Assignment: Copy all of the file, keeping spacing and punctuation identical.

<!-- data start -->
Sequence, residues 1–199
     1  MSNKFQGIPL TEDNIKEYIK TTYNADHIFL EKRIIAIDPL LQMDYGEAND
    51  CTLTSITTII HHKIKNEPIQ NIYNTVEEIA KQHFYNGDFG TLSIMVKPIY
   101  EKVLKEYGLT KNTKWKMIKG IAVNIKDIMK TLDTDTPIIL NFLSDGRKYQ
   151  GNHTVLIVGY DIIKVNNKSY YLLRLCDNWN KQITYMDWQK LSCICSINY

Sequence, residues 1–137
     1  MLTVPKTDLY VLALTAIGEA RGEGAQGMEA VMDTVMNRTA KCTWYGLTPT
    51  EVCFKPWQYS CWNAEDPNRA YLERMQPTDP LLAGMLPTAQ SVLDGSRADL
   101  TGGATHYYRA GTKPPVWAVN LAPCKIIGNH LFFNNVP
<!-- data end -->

Sequence, residues 1–199
     1  MSNKFQGIPL TEDNIKEYIK TTYNADHIFL EKRIIAIDPL LQMDYGEAND
    51  CTLTSITTII HHKIKNEPIQ NIYNTVEEIA KQHFYNGDFG TLSIMVKPIY
   101  EKVLKEYGLT KNTKWKMIKG IAVNIKDIMK TLDTDTPIIL NFLSDGRKYQ
   151  GNHTVLIVGY DIIKVNNKSY YLLRLCDNWN KQITYMDWQK LSCICSINY

Sequence, residues 1–137
     1  MLTVPKTDLY VLALTAIGEA RGEGAQGMEA VMDTVMNRTA KCTWYGLTPT
    51  EVCFKPWQYS CWNAEDPNRA YLERMQPTDP LLAGMLPTAQ SVLDGSRADL
   101  TGGATHYYRA GTKPPVWAVN LAPCKIIGNH LFFNNVP